Turn Me On, Dead Man
Outsiders best know Iowa musically for three things: the Broadway show The Music Man, those mask-wearing devils Slipknot, and as the place where Buddy Holly, Richie Valens, and J.P. Richards (the Big Bopper) died. Of these three, the last item is by far the most famous. Here it is five decades after the event, and reporters from around the world again descend to the Hawkeye State to question locals about what happened. The Surf Ballroom (where Holly last played) hosts another tribute concert, and the nearby cornfields are filled with tourists gawking in the snow at the barren fields where the fatal plane crash took place.
What is it about Buddy Holly that inspires such devotion? He wasn’t the first rock ‘n’ roller. He didn’t have very many hits during his less than two-year recording career. He wasn’t particularly sexy or charismatic. Critics have long pondered Holly’s legend, and usually attribute his celebrity to a combination of Holly’s innocent charm, his commonplace appearance, the fact that he wrote his own songs, and his early, tragic death. He was the first rock and roller to die before this time.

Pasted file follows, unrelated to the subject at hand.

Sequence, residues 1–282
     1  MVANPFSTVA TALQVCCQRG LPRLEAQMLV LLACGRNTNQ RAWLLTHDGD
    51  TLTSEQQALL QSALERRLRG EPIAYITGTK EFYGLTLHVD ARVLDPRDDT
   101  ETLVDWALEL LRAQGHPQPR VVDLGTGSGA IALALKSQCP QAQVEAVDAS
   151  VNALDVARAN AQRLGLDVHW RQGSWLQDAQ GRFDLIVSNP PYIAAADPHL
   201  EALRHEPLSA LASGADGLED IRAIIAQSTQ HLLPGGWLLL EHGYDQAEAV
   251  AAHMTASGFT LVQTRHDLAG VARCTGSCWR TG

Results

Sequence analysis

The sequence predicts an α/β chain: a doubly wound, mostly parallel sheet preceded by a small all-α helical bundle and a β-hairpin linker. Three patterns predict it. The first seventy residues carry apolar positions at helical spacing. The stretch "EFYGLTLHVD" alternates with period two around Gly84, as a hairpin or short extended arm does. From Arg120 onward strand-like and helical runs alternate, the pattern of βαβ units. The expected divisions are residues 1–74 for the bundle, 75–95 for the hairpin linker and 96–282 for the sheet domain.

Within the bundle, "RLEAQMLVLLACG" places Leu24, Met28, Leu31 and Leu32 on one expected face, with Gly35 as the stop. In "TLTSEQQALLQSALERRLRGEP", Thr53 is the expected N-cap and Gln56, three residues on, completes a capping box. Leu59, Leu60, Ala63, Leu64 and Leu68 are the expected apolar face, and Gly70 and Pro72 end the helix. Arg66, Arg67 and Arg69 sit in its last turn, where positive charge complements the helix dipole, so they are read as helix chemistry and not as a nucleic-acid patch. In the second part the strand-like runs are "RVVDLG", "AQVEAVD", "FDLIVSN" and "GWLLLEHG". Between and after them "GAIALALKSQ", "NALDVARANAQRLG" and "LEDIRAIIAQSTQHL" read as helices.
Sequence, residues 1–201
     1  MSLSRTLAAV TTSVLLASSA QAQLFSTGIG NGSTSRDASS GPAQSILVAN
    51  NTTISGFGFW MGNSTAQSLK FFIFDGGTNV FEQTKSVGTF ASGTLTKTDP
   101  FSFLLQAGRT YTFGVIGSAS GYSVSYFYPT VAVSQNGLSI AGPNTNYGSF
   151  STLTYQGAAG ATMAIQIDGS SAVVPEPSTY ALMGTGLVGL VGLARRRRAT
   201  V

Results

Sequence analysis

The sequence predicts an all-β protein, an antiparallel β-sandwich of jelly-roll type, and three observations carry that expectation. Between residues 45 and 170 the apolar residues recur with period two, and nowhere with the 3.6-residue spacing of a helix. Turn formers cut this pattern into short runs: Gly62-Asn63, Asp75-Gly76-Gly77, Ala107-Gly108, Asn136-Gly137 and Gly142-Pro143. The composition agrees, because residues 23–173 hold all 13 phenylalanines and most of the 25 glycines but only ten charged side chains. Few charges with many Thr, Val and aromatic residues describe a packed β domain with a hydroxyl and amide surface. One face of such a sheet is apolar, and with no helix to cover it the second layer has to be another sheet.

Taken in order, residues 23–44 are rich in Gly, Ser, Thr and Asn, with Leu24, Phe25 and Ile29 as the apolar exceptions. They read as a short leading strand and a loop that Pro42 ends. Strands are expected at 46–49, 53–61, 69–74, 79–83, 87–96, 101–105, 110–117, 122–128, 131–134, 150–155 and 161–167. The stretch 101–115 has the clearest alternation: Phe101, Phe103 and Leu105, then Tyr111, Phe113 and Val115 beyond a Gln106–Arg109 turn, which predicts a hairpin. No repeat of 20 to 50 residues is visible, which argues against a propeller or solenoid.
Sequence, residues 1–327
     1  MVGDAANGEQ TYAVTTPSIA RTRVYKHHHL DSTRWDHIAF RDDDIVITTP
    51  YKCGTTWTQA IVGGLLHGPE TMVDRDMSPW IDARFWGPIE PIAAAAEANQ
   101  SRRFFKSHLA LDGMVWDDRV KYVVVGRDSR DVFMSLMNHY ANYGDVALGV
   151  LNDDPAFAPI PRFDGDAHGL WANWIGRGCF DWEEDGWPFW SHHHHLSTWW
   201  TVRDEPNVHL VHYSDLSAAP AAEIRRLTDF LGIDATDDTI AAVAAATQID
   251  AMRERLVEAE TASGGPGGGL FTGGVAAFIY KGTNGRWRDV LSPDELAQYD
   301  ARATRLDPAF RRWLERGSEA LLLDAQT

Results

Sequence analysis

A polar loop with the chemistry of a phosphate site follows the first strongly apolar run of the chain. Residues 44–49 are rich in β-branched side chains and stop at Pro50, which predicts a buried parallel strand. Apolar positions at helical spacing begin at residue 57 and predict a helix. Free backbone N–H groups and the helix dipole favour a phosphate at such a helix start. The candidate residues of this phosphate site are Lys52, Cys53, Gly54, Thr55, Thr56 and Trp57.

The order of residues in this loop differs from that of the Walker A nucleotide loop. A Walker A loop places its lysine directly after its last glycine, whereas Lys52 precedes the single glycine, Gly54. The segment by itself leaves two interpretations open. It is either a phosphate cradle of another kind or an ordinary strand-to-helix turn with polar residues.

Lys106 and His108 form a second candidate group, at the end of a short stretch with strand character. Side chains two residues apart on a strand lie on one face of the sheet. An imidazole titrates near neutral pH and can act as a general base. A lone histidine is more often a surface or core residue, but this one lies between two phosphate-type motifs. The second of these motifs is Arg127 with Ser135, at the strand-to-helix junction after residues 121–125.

This is why Don McLean’s 1971 hit “American Pie”, with its lyric about “the day the music died”, resonated with so many people. This is why the Beatles named themselves in tribute to Holly’s band, the Crickets. This is why Hollywood movies, Broadway plays, numerous books, and musicians born way after Holly’s death (re: Weezer) continue to examine Holly’s life in search of the magical, mysterious essence of the man.